Managing Student Loans

Paying off school loans is a tricky prospect for those students who aren’t fortunate enough to have family help. The problem worsens if your training is in teaching or social services, those jobs where much of the reward isn’t paid in dollars. If you just can’t make the numbers work on your student loans don’t worry because help is out there.

The first thing to do is take stock of how much student loan debt you have. Are your loans public or private? If the money was distributed through the government via Direct Loans you have more options than with a private lender such as Sallie Mae. With the latter you will certainly not receive forgiveness, absent death or impairment, but may be eligible for a hardship deferment or loan consolidation depending on your circumstances.

According to the site Student Loan Borrower Assistance after ten years of government work the balance of one’s student loans can often be forgiven. You should take into account how much you currently owe and what your projected loan balance would be after this period; loan calculators are available on the websites of most lenders to assist you. If you are making income contingent payments and would have a healthy balance remaining then you might think about special opportunities in the public sector. A few ideas you might think about with your service background include teaching in a rural school or filling a critical-need civil service position. Americacorps and the Peace Corps may count towards your ten years of government work while granting you forbearance. Teach for America pays a living wage and a 5000 dollar per year credit towards your student loan. The armed forces have a loan forgiveness program upon completion of service; no government loan will require monthly payment during your active duty period either.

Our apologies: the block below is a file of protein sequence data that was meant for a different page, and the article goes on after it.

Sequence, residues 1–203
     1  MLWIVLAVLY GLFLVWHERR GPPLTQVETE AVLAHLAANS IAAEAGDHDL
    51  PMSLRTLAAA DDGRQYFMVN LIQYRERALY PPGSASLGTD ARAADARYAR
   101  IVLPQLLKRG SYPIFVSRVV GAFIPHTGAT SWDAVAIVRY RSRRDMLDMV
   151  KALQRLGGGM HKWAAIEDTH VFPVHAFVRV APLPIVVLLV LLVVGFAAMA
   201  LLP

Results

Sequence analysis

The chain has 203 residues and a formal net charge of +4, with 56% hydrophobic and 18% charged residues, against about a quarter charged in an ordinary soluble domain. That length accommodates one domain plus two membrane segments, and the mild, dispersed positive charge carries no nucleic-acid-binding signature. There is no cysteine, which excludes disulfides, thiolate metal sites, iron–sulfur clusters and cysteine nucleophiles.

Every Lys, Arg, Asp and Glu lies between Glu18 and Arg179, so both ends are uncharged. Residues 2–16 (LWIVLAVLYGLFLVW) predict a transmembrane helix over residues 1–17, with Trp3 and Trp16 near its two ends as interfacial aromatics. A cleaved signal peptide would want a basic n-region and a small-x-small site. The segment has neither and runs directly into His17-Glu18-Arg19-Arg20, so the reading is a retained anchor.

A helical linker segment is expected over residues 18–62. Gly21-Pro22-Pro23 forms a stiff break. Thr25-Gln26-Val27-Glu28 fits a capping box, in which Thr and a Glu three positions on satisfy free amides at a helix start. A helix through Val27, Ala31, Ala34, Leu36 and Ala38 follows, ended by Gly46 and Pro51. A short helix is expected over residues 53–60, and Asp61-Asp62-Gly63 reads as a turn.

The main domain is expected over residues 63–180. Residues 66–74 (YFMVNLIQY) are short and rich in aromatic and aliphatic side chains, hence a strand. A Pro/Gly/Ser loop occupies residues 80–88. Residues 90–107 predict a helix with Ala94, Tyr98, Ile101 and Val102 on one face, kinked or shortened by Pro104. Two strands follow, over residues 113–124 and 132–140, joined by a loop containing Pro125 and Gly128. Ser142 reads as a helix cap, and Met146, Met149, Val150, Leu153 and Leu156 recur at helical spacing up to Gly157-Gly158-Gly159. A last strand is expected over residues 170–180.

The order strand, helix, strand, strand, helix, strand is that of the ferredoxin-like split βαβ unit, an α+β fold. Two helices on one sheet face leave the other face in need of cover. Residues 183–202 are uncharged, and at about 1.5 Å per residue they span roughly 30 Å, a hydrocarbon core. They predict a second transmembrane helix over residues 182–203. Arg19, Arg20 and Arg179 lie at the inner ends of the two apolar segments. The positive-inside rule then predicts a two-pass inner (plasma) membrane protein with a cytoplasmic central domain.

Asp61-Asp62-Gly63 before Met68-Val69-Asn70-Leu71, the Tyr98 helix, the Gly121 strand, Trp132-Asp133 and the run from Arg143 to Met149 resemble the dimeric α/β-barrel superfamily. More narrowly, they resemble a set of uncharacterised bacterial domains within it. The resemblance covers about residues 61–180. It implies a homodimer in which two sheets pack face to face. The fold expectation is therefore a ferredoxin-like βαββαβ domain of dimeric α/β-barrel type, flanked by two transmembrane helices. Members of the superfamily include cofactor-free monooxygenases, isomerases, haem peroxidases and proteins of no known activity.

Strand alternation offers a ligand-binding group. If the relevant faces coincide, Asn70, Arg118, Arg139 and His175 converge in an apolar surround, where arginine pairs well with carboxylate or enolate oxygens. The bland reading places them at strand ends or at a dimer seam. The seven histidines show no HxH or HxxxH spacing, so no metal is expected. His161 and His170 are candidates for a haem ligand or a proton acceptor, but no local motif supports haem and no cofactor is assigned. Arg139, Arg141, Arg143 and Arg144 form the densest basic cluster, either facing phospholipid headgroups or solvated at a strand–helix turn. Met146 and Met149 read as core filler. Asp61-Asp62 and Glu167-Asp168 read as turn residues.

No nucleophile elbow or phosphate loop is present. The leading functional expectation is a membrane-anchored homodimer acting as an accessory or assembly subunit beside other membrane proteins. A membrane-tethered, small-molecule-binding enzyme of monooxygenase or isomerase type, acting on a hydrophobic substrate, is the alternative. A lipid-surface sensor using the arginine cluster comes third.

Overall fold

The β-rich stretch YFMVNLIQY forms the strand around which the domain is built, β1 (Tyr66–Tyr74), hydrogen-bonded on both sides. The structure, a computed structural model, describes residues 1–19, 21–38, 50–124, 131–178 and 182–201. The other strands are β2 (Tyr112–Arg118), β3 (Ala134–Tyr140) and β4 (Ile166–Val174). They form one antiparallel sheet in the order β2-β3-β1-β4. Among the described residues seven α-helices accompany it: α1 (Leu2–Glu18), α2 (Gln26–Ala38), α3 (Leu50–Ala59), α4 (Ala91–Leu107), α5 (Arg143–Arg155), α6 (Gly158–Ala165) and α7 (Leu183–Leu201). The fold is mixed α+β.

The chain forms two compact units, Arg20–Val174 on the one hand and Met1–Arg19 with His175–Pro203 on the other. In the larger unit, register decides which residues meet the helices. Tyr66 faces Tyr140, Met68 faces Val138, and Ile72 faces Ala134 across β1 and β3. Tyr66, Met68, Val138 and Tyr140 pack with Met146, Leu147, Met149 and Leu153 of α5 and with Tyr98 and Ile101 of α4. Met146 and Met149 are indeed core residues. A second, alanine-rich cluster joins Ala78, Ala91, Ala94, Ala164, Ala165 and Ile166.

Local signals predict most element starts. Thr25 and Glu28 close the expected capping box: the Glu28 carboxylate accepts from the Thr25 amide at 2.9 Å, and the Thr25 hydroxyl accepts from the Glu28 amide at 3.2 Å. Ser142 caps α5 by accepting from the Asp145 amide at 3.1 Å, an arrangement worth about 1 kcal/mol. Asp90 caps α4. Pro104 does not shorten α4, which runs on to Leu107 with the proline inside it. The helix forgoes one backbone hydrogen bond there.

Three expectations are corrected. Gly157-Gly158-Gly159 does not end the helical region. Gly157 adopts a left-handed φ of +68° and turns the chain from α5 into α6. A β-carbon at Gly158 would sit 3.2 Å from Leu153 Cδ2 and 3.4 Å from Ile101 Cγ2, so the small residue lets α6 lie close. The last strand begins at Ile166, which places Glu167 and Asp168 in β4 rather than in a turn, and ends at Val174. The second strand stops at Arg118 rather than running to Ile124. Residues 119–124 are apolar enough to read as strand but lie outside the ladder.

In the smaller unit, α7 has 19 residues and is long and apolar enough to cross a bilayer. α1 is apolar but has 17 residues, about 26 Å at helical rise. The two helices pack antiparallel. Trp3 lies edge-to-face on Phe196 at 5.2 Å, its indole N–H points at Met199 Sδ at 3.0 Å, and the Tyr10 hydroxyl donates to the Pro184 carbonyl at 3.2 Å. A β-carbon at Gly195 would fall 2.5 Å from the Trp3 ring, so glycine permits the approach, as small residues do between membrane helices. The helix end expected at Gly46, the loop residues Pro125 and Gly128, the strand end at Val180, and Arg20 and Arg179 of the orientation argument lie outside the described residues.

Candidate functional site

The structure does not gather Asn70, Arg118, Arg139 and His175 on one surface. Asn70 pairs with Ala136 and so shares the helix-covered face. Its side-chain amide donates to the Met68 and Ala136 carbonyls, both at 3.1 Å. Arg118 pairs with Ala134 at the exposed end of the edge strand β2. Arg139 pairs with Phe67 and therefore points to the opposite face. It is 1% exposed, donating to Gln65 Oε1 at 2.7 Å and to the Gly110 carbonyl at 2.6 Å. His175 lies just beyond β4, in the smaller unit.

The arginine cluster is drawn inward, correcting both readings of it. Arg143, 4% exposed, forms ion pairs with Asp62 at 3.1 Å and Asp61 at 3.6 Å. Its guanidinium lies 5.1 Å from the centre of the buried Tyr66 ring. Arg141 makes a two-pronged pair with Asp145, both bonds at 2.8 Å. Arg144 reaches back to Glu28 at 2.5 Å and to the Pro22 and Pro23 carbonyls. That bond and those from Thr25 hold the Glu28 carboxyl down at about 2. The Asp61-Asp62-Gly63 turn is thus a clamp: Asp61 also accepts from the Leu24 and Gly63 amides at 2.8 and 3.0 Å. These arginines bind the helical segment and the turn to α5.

If you can demonstrate an inability to pay the agreed-upon amount of your loans the lender will have an incentive to work with you. This is known as a hardship deferment. It is important that you contact the lender before they begin to see you as an adversary! The interest rate caps have been raised recently and it is not unheard of for a student loan to skyrocket to as much as 30 percent. Lenders have a wide range of tools in their arsenal including garnishing wages, liens on property, and confiscating your tax returns.

If you have a Direct Loan or a Federal Family Education Loan the Higher Education Act will provide you a means to lower your interest rates.  Consolidating your debt can be extremely helpful as lower interest rates will assist you in paying off the principal sooner. Most private lenders have a vested interest in buying your high-interest student loan debt for a reduced rate. Keep the lines of communication open and you might find help in unexpected places. The default rate on student loans is historically the lowest of any investment other than treasury bonds and the yield is much higher; with that risk/reward ratio there will always be a market for your debt. There may be other ways to reduce your loan amount based on your career choice and skill set. The choices out there are vast but by going to school you’ve shown you’re dedicated to improving your lot. The rest should be a piece of cake.

Student Loan Borrower Assistance. (2011). Retrieved February 17, 2011 from